By Andreas Vou
While APOEL claimed Cyprus Cup glory over AEL in Wednesday night’s final with a convincing 4-2 win, the focus was very much on the violence which took place midway through the second half as supporters of the Limassol side threw flares and rocks onto the pitch.
AEL took a surprise early lead but Tomas De Vincenti levelled the game with a cross-come-shot from a 40-yard free-kick.
Goalkeeper Karim Fegrouch misjudged the flight of the ball which looped over the 33-year-old and into the net but De Vincenti insisted it was an intentional shot on goal. “Yes, I meant to do that. I saw the goalkeeper off his line and so I went for it,” he said.
“It’s an amazing feeling,” said an exhausted John Arne Riise who put the game beyond any reasonable doubt with a long-range thunderbolt of a free-kick to make it 4-1.
“I think we deserve the trophy. We started badly but after we were better and we managed to win the Cup.”
It was almost immediately after Riise’s strike that the violence from the AEL section erupted and the veteran full-back believes that the unsavoury scenes are a letdown.
“It’s a shame for Cyprus football what took place and all of Europe will see it. We were in danger because they (AEL fans) were throwing rocks at us. The Football Association must review it.”
The head of the Cyprus Football Association, Costakis Koutsokoumnis, was on hand to give his view on both what took place on the pitch and off it.
“Congratulations to APOEL and congratulations for AEL’s demonstration of ‘fair play’ for staying on the field. I would also like to thank the police because, without their guidance, the final would have ended in the courthouses.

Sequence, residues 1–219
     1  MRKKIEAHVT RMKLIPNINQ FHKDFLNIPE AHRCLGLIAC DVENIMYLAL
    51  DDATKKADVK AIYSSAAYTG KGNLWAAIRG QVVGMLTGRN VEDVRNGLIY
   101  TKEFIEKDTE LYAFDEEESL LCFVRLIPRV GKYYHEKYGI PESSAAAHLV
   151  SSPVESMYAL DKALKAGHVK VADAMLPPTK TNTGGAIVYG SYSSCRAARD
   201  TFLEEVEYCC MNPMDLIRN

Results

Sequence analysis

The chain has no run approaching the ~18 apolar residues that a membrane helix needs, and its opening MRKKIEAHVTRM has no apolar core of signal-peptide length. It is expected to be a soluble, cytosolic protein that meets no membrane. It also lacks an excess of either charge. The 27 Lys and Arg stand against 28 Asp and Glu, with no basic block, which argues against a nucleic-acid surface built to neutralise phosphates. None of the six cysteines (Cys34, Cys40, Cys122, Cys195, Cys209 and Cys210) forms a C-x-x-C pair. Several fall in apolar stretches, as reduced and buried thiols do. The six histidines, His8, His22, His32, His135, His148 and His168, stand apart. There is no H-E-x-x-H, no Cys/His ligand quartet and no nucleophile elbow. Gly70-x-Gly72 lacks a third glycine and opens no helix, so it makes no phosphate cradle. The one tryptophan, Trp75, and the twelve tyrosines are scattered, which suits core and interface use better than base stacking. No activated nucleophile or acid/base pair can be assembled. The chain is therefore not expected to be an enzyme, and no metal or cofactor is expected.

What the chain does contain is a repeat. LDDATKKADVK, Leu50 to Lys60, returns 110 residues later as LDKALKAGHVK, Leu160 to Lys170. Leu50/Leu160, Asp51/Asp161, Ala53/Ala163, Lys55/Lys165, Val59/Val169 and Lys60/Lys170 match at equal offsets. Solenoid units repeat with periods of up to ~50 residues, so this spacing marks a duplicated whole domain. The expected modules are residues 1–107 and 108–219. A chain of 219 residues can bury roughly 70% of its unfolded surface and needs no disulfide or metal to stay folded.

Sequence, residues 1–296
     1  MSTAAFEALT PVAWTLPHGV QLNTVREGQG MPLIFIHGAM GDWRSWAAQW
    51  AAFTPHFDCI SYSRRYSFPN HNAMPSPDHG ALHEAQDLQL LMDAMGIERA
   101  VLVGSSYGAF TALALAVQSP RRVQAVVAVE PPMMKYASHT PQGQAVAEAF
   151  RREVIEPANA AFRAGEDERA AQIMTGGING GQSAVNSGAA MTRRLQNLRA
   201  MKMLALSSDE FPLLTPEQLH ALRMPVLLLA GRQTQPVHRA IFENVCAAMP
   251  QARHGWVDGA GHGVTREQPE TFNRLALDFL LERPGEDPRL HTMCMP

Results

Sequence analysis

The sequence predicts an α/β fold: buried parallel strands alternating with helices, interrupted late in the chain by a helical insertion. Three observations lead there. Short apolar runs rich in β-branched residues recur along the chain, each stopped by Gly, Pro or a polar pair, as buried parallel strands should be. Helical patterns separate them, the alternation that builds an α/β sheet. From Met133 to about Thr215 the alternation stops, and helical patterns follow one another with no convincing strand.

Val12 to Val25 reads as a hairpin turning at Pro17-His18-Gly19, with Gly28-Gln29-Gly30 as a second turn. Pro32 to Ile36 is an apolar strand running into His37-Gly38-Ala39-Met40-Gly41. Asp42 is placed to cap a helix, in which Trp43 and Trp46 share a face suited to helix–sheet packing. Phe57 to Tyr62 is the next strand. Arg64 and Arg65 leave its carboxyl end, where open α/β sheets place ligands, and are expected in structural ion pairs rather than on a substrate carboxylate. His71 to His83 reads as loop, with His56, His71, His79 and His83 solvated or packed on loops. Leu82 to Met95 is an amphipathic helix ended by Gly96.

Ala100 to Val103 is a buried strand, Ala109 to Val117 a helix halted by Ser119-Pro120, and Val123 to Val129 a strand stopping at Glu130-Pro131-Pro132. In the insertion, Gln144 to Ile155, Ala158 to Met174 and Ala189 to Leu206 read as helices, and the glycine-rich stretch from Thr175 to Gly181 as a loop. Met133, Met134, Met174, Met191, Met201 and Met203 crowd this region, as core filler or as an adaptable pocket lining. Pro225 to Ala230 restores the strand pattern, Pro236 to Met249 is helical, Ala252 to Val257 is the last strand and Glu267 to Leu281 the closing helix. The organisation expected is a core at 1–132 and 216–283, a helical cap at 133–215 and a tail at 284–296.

“Now we will let the APOEL enjoy their victory and we will, with calmness, sit down and see what happened,” said Koutsokoumnis, before some kind words for AEL manager Christakis Christoforou.
“My congratulations to AEL, to their board and to their manager who again showed his character. He could have taken his players away and left but he stayed here to congratulate APOEL,” he concluded.
Christoforou was more concerned about the game itself and was left lamenting his side’s failure to seize their opportunities when they came their way.
“We were very good in the first half but in the second we lost our heads. Someone who did not see the game and heard of the 4-2 scoreline would say that it was a simple win, however, it was not like that.
Despite feeling his side’s efforts merited more, he was in no mood for excuses and insisted that it was vital that the core of the team remained at the club next season after a disappointing campaign.
“The Americans say that if you are first you are first and if you are second you are nothing. For AEL to be strong next year, everybody must stay at the club.”
For AEL, who sit seventh in the table, defeat in the final saw their last chance of claiming a Europa League spot go begging.
APOEL, on the other hand, need just one point from their final match of the season on Sunday away to Ermis to earn a second successive league and Cup double.